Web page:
Little wonder we stumble in life.


The Ivan Project

A couple years back, I met a storyteller by the name of Ivan Coyote. At the start of one summer, I asked Ivan how to gauge whether or not I had what it takes to be an author. Ivan told me that if I could get up every day and write something—even on the days when I was miserable, uninspired, overwhelmed with writer’s block—then I could be an author.  

So I decided to put it to the test. Every morning of that summer, I woke up and wrote a complete 200-word piece of microfiction. It was hard work, but I never missed a day. On the hundredth day, I knew I could be an author if I wanted to.

This is something I read in my mailbox at Camp NaNoWriMo. And it’s a good point, and something maybe I might want to try here. I already write flash fiction often enough.

So I’ve been inspired to start something I’ll call The Ivan Project: Each day, I’ll write one piece of flash fiction of 100-200 words, for 100 days. If I succeed, then maybe I can prove to myself that I can do this.

Once I finish Camp tomorrow, starting the 1st of September, I’ll start on The Ivan Project. Anyone else who wants join me is welcome, though I’ll be starting tomorrow regardless.

Peace out, guys.

And as a side note, this.


Trifecta – Dinosaur

My words have no meaning
in this Brave New World
A dinosaur
is as real as a fairy

I am obsolete

Talking about
blood stained carpet
saying its society’s fault

(because society’s so perfect
and grown up)

But my words
are equivalent to
a meaningless roar

I am nothing but a
bitter pretender

But inside my hollow heart
a human being
raped, pillaged, plundered
squandered in my primitive world

Am I nothing but a whore
in denial?
Or is it the world?

For Trifecta. Inspired by a free verse poem by Rob that I found researching a story of mine.


Writing Right

Try to guess who this is. Just try. It’s Ron Stoppable from the kid series Kim Possible.

While writing my novel for Camp NaNoWriMo today, I was struck by a sudden thought. You might call it insecurity.

So I googled a particular term, trying to find out what kind of audience would actually care about an ‘angst’ story. I voice one thing the wrong way, and suddenly I felt like my audience would be limited.

Instead, I stumble into TV Tropes. Damn that site’s addictive.

Original insecurities soon dispelled, I realise that there is all this other world surrounding what I’ve only known as Angst in the sphere of how fanfiction defines it, and I look around, trying to learn more, worried instead that what I’m writing will just be one of those badly written things.

I really wonder what my novel would be just on its own. Maybe everyone should write that way, with no preconceptions, and just let it all speak for itself.

Then again, upon further reflection, here’s the real problem: what I’m really unsure about is the fact that the story I’m writing at the moment has limited appeal across gender (I don’t wanna be one-sided like Water For Elephants or Tin Tin), but also because, no matter what angst-ridden things I try to throw in – eating disorders, sexual assault, abusive father – it still feels a bit flat to me.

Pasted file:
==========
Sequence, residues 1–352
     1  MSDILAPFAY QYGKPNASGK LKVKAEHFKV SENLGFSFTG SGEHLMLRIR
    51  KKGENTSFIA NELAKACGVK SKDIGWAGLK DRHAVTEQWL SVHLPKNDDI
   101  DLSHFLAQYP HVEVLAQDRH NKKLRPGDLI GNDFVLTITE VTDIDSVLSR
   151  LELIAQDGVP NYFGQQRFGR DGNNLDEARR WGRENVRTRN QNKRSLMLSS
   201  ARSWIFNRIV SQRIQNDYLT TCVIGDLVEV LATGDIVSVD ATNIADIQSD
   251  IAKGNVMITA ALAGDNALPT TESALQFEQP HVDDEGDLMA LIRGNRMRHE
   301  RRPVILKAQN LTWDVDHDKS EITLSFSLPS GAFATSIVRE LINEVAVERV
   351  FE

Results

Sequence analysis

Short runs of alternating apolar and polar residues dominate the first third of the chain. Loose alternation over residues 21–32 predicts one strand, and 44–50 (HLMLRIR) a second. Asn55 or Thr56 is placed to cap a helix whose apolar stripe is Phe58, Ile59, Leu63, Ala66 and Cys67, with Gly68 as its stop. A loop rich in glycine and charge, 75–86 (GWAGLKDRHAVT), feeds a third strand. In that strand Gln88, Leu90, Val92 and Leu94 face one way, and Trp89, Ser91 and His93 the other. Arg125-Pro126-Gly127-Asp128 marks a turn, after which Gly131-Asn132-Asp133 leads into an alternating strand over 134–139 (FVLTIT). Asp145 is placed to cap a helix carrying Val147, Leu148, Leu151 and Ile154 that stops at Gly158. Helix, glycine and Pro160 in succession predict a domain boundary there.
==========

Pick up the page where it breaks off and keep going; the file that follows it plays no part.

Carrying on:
Is that something that comes with a first draft? Does fleshing a story out fix that feeling? Or is my story still missing something? My mind keeps coming back to the latter conclusion.

When I really think about it, what I’m worried about is not writing for wide audience. Shakespeare’s writing was loved widely, and he’s history’s greatest writer. I don’t want to be mediocre.

But more than that, I feel like males would be turned off by the kind of story it is. It’s not like the first book I’m still writing, which was a mix of drama and thriller. It’s just drama. Men don’t like drama.

From what I’ve read, men aren’t interested so much in personal relationships or whatnot, whereas I see that as the most important part. I characterise Plot-driven novels as male and Character-driven novels as female.

Am I just stereotyping? Because I know there is debate about this. I know men’s and women’s brains are physically different, so it’s not as though men and women aren’t different, and don’t think different. It seems I’m just still trying to figure out how men’s brains work.

(Maybe where this big insecurity came from. It figures.)

And yet, I have just considered another comparison that would probably be the closest one yet to what I’m writing. A while ago, I read a book called Lullabies for Little Criminals, and I loved it. I think this book is like that.

So I went looking for what kind of audience it got, and I found this review by ‘The Author’, a male blogger who loved it. Hope restored.

Now all I’ve gotta do is write it well.

Yes, I understand that gender can and does have blurred lines in people. For example, my dad enjoys Jane Austen.

But maybe the problem was that I wasn’t thinking in terms of individuals, I was thinking about generalised traits in men and women that I’d read about:

For example, Women are more emotional thinkers; men are more logical.

Either way, people are complicated, and gender is just one side to them. I think what I should really take away from this is don’t underestimate people.

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Trifecta – Heart

Her heart was big, pounding with force as her senses excited. Her chest heaved, large and present as their lips clashed together in a meeting of warm, wet flesh. Her breasts were warm pillows against her lover’s body, rising the heat further between them.

Her lover took a deep breath. “Are you sure this is… all right?”

“Trust me,” she said, “I want this too. It’s hot –”

“I’m 42,” said her lover. “Are you sure you don’t want… someone your own age?”

“You are hotter than any of those girls could hope to be.”

So why was her heart breaking? At the idea that she wouldn’t be enough. At the idea that someday she’d be too old…